As I was reading a deleted question that asks whether

If I would have sweet dreams, they would be about you. If my dreams ever come true, it will be with you.

is correct, I noticed that the incorrect use of “if I would have” in the first sentence somehow made me feel like the poster was Indian. I don't know exactly why, but it felt like something my former Indian colleagues could have said. So, is this particular error typical of (or quite likely to be made by) Indians, or is it just some weird feeling I'm getting for no reason?

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    Most (all?) of the people I've heard use it are native en-us speakers. – Peter Taylor Mar 22 '11 at 21:13
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    Native en-us speakers certainly can say "If I would have", but the example that F'x linked sounds wrong to me. I would have said just "If I had" in that sentence. – JSBձոգչ Mar 22 '11 at 21:20
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    It's not a common usage in India (in fact I've never heard it before) - so most likely your former colleague picked it up somewhere else. – JoseK Mar 22 '11 at 21:41
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    Whenever I see the phrase "if I would have", I always think it is because the reader is expanding "if I'd have" wrongly, instead of expanding to "if I had have". – lotsoffreetime Mar 22 '11 at 22:22
  • I think user653 is spot on with the reason why people make this (to me, at least) particularly irritating error. But it's certainly not peculiar to Indians - I've heard linguistically-challenged native speakers come out with it here in the UK. – FumbleFingers Mar 23 '11 at 0:02

Dutchmen sometimes make the same mistake, because the construction * he would do x, if y would be true is correct in Dutch, besides he would do x, if y were true, which is also correct in Dutch. This might apply to some other European languages as well.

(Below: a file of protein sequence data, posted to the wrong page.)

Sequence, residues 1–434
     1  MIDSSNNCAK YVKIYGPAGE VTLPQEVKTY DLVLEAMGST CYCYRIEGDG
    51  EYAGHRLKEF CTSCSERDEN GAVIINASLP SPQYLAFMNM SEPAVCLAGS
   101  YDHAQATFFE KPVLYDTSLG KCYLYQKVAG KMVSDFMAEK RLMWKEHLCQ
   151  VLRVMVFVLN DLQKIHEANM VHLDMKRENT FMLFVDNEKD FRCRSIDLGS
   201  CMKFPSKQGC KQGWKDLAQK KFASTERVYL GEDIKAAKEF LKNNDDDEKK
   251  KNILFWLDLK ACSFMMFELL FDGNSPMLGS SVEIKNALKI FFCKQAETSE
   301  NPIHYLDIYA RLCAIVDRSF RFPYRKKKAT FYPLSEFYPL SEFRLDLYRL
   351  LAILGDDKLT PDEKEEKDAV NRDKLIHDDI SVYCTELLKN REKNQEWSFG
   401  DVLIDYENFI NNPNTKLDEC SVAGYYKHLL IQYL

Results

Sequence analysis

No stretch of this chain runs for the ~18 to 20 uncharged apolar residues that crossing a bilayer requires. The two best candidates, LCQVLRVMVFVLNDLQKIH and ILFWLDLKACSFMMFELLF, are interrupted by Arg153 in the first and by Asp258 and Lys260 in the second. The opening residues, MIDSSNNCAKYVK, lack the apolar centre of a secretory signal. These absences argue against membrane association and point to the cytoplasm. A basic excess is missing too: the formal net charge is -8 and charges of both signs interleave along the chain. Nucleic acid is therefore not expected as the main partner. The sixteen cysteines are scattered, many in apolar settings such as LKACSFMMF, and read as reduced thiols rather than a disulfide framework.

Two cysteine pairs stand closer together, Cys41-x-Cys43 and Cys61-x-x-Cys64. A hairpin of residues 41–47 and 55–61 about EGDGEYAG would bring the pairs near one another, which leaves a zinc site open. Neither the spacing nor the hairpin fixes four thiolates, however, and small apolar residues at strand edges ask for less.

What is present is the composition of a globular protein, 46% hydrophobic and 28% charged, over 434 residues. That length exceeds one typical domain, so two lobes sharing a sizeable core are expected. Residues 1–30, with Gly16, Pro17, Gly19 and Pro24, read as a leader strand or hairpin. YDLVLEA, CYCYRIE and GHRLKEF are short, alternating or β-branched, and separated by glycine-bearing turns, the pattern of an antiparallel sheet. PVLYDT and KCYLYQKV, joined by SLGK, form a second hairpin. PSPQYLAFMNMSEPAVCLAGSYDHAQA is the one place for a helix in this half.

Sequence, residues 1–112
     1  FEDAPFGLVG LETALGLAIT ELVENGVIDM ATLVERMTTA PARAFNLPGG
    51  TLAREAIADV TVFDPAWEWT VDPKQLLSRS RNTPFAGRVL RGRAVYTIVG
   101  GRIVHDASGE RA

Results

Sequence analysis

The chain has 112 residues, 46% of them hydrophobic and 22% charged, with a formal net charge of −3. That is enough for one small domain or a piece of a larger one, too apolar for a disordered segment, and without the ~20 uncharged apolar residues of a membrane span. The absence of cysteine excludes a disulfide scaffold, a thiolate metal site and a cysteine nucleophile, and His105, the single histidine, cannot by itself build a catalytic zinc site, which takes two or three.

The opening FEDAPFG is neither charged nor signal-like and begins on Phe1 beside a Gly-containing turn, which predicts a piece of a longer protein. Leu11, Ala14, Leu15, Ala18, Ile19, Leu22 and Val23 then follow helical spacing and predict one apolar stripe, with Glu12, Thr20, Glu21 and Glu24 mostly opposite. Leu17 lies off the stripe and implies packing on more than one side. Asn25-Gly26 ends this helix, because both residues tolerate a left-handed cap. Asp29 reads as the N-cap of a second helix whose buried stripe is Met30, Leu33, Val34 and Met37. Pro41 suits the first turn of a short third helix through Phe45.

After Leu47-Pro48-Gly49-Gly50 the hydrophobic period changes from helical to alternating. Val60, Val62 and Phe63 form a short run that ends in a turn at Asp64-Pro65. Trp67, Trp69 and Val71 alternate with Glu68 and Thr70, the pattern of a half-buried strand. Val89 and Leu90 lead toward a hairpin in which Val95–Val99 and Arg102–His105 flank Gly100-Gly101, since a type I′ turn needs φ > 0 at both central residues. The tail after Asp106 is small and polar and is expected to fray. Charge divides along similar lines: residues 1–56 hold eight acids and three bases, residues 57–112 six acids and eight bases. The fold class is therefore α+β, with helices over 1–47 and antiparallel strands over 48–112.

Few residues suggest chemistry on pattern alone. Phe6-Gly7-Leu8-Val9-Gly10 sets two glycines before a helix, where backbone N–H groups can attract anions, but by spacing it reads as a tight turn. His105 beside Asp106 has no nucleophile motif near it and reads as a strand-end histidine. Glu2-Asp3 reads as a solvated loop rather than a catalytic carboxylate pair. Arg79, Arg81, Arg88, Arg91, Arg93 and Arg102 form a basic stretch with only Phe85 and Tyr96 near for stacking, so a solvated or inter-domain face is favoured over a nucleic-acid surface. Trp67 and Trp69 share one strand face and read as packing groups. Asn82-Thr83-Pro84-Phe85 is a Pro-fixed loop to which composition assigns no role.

In addition, I recently read that some English style guides warn(ed) against this usage too, which makes one wonder whether it is or was not more widely used, perhaps mainly in certain non-standard dialects.

  • I have most-commonly heard India-native speakers use the construction "If I would have [object]" not "If I would have [verb]" – New Alexandria Oct 9 '12 at 22:27
  • @NewAlexandria: How about with other verbs? – Cerberus Oct 9 '12 at 23:58
  • Do you have an example? – New Alexandria Oct 10 '12 at 1:33
  • @NewAlexandria: If she'd be my daughter, I would punish her. – Cerberus Oct 10 '12 at 2:01
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    @NewAlexandria: Okay, so you suggest that it is only/mainly Indian with "have"? That could be, I don't know; but it could be Dutch etc. with any verb, so...it would be a complicated phenomenon, in that case. – Cerberus Oct 10 '12 at 3:23

Probably not. This is pretty common when expressing regret towards your past self:

If only I would have known!

If only I would have taken the bus instead of the tram...

If I would have said, "I love you," she would not have left me.

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    If only I had known! — If I had said that, she would not have left me. – F'x Mar 22 '11 at 22:03
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    As discussed in the question linked above, all three of these examples would be regarded by many as incorrect. – Steve Melnikoff Mar 22 '11 at 22:28
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    @F'x: Oh, sure, your usage is probably more correct. I was simply trying to say that I hear this phrasing all the time and don't know anyone from India (or did you mean Native Americans?) It is usually pronounced via contractions: "If only I would've known!" My hunch is that the "would" seems to be rooted in a jump from "I would have said" instead of "I had said." You can simply say, "Had I said..." but it gets troublesome saying, "Would I have said..." so people say "If I would have said..." I dunno. Just guessing at this point. But I do hear people say that. – MrHen Mar 22 '11 at 22:33
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    @Steve: I agree. My point was not correctness. It was answering the question: "Is this an Indian shibboleth?" My answer is, "Probably not. I hear this quite often as such." – MrHen Mar 22 '11 at 22:38
  • Ah, fair enough then! – Steve Melnikoff Mar 23 '11 at 13:04

This thread is about the subjunctive case. There's a quick explanation on this page:


In short, don't use "would" in the clause with "if". Many people do, but it is not considered grammatically correct.

NOT - "If I would have known..." but rather "If I had known, I would have..." NOT - "If she would have said that..." but rather "If she had said that, he would have..." NOT - "If you would have paid..." but rather "If you had paid, we might have gotten a better answer.

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    It's ok, but I think you would need to provide context to how a given culture developed this subjunctive misunderstanding based upon their native language structure. – New Alexandria Oct 13 '12 at 21:31

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